Intensify Your Reader’s Experience
As promised, here is Part Two of our examination of the merits of using “grace notes” in writing for teens, and once again, we’ll look to award-winning SHADOW SPINNER, by Susan Fletcher for examples. For those of you just joining us, see Lee Wyndam’s argument for the use of figurative language here.
Readers like to be grounded in a story. At least, I know I do. I want to know whose skin I’ve slipped into and what the environment is like. I want to forget the chair I’m sitting in, the cup I’m drinking from, the way the light falls across the page. I want to fall into the story’s landscape, and walk around as though I am the MC.
Fletcher makes this easy for her readers. She uses common figures of speech – Simile and Metaphor, both to relay her protagonist’s feelings and paint vivid pictures of the setting.
Look first at how word pictures containing Similes make Marjan’s feelings more concrete:
· When the Khatun questions Marjan about the reason Shahrazad has brought Marjan to the harem, she says, “I felt as if I were blindfolded, groping my way through a maze full of hidden traps” (37).
· Marjan later feels powerless against those in authority and says, “they played with our lives as if we were tiles on a game board. As if our lives were only of value if we were serving them” (41).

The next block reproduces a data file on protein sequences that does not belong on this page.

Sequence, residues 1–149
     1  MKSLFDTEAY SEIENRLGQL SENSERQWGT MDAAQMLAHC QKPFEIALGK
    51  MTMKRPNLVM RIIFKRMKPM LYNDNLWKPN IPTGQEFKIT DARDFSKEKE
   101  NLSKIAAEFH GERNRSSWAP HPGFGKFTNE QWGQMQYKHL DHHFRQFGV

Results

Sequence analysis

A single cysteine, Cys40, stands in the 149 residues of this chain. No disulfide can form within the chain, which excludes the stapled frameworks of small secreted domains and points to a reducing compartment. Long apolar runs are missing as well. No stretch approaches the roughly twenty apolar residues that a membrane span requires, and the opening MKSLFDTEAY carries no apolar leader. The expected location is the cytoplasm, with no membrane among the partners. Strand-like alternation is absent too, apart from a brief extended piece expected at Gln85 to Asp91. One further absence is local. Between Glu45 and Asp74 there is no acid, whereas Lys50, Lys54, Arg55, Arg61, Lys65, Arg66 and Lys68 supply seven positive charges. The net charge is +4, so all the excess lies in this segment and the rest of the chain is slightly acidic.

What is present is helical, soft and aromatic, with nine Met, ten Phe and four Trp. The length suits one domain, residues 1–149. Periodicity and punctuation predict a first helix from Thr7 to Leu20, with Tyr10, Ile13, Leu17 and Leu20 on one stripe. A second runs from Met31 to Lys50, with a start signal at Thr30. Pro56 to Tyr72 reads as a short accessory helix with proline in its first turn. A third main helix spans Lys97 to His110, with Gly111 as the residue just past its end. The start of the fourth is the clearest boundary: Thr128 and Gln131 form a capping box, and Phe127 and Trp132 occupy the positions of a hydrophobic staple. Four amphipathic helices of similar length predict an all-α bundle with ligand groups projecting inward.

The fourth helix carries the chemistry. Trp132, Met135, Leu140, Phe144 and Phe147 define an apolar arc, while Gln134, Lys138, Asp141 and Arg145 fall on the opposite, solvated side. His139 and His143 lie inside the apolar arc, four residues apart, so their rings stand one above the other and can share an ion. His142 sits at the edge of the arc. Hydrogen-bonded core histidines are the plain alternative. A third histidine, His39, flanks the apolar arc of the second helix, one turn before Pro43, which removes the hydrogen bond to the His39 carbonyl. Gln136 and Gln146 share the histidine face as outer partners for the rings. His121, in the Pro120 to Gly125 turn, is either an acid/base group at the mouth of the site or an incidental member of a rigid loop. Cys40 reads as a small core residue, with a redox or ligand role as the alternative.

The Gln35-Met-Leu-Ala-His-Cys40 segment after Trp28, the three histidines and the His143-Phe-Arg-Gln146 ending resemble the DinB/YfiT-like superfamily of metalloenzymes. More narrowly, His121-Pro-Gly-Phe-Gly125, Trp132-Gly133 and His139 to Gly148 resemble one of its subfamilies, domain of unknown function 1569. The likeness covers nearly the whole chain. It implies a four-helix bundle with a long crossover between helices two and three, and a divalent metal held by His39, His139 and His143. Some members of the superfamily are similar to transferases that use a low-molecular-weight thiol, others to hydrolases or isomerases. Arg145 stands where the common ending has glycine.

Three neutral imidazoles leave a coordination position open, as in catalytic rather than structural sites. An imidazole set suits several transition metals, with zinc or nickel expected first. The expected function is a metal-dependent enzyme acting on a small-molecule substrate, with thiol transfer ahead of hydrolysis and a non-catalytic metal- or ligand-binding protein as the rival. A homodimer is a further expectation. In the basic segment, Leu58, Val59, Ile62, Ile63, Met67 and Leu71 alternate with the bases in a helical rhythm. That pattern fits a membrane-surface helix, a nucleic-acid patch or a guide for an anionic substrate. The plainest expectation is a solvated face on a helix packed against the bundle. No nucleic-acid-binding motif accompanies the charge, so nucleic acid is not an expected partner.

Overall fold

· When she first arrives at the harem, Marjan observes that she has “no one even to sit in the same room with me, to stir the stagnant perfumed air with breath” (53).
· Perhaps the most stirring simile occurs towards the end of the book: “My life - what was left of it - seemed to shrink and harden, like the dry, brittle husk of a rosebud starved for water” (163).
Fletcher also paints Marjan’s surroundings using figurative language. Consider how these images of setting are intensified by the addition of Simile:
· “Columns of sunlight streamed through round holes in the high, vaulted dome. Light mingled with the smoke from burning censers and puddled on the marble floors like liquid gold” (31)
· “The whole city lay before us - beige flat-roofed buildings, studded with bright domes and spindly minarets....To the east, like a deep blue silk scarf, lay the river” (64).
In the bazaar, Fletcher uses Metaphor to describe the crowd:
· “The crowd flowed in a great, strong river to the left, with only a few trickles moving right” (81).
Active Verbs also contribute to Fletcher’s image making:
· “mule drivers cursing, women haggling, caged birds screeching; brass workers’ mallets pinging and clanging and bonging” (82).
Now if you are the sort of writer who believes that grace notes don’t just make for beautiful reading – that they serve the story on a practical level by clarifying the reader’s understanding of secondary characters and intensifying the reader’s experience, I have a challenge for you.
Leave a comment below in which you either
a.) share a type of grace note NOT mentioned here
b.) share an example of figurative language from your own work or a current book crush.
Won’t this be fun?